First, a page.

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What to Do If Your Children Are Stressed Out About Moving to a New Home

Children might not have to do much when it comes to moving, but they find it as stressful as you do. Kids thrive on routine and familiarity. So, when something threatens to disturb the life they’re used to, that can bring out anxiety and even anger. Frequently, when parents break the news to their children that they will be moving, they get a bad reaction and don’t really know how to deal with it.

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If that’s the case with your kids, here are several steps you can take to reduce the stress they feel about moving to a new home.

Give Them As Many Details As You Can

First off, you can’t just tell your children you’re moving and leave it at that. They will have a lot of questions — and understandably so. That is why it is a good idea to give your children as much information about their new lives as possible, including:

  • the exact date of the move
  • the name of your new neighborhood
  • the name of their school
  • the reason you’re moving
  • if that reason is work, tell them about your new job

It might seem like this information is irrelevant for children. However, they’ll have an easier time coming to terms with moving if they feel like they’re in the loop.

Give Them Something To Look Forward To

When you first tell your children about the move, all they’ll be focusing on is what they’re leaving behind. Their school, friends, grandparents, their bedroom, the park where they play — it’s a lot. That is why it’s important to give them some things to look forward to in the new home.

So, gather all the information about their new school: what clubs they have, where they go for their annual school trips, etc. Find some pictures online and show them what their classrooms are going to look like. See if the school has any festivals or fairs and tell them about that.

The same goes for your new home: point out all the ways in which it’s better than your current home (a backyard, a bigger bedroom, etc.). You should also tell them about the unique features of the new town or neighborhood, especially things that might be of interest to them, such as large playgrounds, amusement parks, and cinemas.

Even if they seem uninterested at first, they’ll start thinking about it, and soon they’ll come to you to talk about the new exciting things!

Involve Them in the Decisions

Obviously, you can’t ask your children to weigh in on things like choosing a moving company. For that, you want to turn to experts such as Nancy Zafrani, the general manager of NYC moving company Oz Moving and Storage. She said: “If you’re not sure which moving company to choose, go with a known, local moving company.
They’re prepared for anything.”

But there are still ways to include your kids in the decision-making process. For example, you can let them pick out some of the furniture for your new home. They might not have an opinion on the color of kitchen cabinets, but they will appreciate being asked.

And when it comes to their bedroom, you should let them decorate it to their liking — allow them to choose the wall color, new bedspread, and maybe some additional decorative items, such as toys or movie posters.

That way, they’ll feel like they have more control of a completely new environment. Plus, it’s another thing to look forward to in the new house.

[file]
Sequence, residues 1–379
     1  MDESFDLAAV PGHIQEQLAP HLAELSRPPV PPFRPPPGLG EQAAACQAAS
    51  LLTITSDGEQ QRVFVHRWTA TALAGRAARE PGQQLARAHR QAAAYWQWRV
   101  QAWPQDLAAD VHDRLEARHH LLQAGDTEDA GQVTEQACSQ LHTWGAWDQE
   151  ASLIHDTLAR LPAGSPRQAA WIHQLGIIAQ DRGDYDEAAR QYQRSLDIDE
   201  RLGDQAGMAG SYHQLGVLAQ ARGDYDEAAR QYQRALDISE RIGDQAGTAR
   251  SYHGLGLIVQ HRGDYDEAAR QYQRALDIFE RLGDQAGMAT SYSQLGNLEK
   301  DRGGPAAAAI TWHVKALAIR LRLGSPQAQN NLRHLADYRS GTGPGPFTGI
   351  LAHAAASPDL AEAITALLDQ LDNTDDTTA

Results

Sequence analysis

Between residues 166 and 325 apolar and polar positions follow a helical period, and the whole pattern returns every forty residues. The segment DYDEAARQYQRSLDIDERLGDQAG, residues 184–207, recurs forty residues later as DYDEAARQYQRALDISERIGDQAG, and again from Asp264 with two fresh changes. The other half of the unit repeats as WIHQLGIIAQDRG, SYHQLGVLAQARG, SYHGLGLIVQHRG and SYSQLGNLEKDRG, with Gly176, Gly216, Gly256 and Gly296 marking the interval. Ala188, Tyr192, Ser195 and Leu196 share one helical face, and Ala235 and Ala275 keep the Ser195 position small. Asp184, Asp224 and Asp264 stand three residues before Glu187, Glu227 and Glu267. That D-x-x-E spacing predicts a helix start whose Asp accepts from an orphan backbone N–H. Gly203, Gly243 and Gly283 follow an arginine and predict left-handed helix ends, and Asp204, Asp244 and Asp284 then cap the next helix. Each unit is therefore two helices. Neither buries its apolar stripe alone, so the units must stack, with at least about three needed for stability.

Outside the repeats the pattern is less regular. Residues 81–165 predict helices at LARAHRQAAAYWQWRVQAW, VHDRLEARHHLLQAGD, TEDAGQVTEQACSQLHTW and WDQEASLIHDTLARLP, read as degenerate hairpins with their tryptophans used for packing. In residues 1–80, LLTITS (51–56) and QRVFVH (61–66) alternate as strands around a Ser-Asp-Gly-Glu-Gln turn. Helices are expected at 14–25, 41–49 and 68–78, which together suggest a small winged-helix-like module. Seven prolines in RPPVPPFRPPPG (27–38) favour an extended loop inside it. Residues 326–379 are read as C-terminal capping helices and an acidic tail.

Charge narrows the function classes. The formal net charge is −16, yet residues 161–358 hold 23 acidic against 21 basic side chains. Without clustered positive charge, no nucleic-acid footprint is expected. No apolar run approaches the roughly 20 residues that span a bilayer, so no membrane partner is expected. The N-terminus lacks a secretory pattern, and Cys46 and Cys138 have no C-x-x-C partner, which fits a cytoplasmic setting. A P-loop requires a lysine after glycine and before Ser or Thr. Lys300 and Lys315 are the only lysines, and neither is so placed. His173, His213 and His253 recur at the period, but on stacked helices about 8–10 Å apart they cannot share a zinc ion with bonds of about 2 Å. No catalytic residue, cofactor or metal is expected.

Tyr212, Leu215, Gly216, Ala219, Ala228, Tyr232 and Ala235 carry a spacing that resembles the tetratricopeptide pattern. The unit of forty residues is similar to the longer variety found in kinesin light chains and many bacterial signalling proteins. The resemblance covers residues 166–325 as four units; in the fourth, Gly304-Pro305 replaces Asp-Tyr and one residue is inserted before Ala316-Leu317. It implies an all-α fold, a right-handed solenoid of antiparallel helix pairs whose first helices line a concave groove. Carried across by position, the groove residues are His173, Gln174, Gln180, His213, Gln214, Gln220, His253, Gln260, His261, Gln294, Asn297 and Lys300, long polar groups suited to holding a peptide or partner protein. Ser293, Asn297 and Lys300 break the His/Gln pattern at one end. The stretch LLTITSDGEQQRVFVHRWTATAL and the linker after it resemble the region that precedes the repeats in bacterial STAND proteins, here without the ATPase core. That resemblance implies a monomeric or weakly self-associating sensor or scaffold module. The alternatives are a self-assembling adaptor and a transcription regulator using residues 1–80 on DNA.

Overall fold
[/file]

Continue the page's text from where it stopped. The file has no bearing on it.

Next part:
Cut Them Some Slack

Faced with a move to a completely unknown place, your children might become more clingy or emotional and require more attention. Although this might contribute to your already stressful moving process, it’s important to allow them to process these emotions at their own pace. So, let a temper tantrum slide this time.

You might also want to think about cutting them some slack when it comes to your usual behavior rules. You can let them stay up a little later, give an extra candy after lunch, or allow extra TV time. Sometimes these little things are all they need to feel better!

Pack Their Things Last and Unpack Them First

When you’re busy packing, and your home is a mess, your children will need their safe space and the things they’re used to. That includes their toys, favorite blankets, special mugs, etc. So, even if you want to get their toys and blankets out of the way as they are easy to pack, make them the last item on your packing list.

Then, when you get to your new home, set up your children’s room first. Creating a space that feels at least somewhat familiar to them is essential during these first couple of days. So even if it means the house will be in chaos for a bit longer, create a calm space for the kids in order to help them adjust.

Plan Some Fun Activities For Your First Week

Once you’ve unpacked and settled in for a bit, plan some activities for your kids that will make them fall in love with the new place. The plans don’t have to be anything too complicated. Anything that includes the whole family will do. For example:

  • Going to that playground or amusement park you showed them
  • Trying out some pizza restaurants
  • Making a blanket fort in your new living room
  • Taking them to the local library and letting them pick out books and games

In Conclusion

Moving might be more complicated for grownups who have to make the decision and take care of everything. However, it’s as stressful for kids to have their whole life uprooted in a short time. Children typically don’t react well to any change, let alone one as big as moving. Hopefully, these tips will help you make the transition more comfortable for your children.

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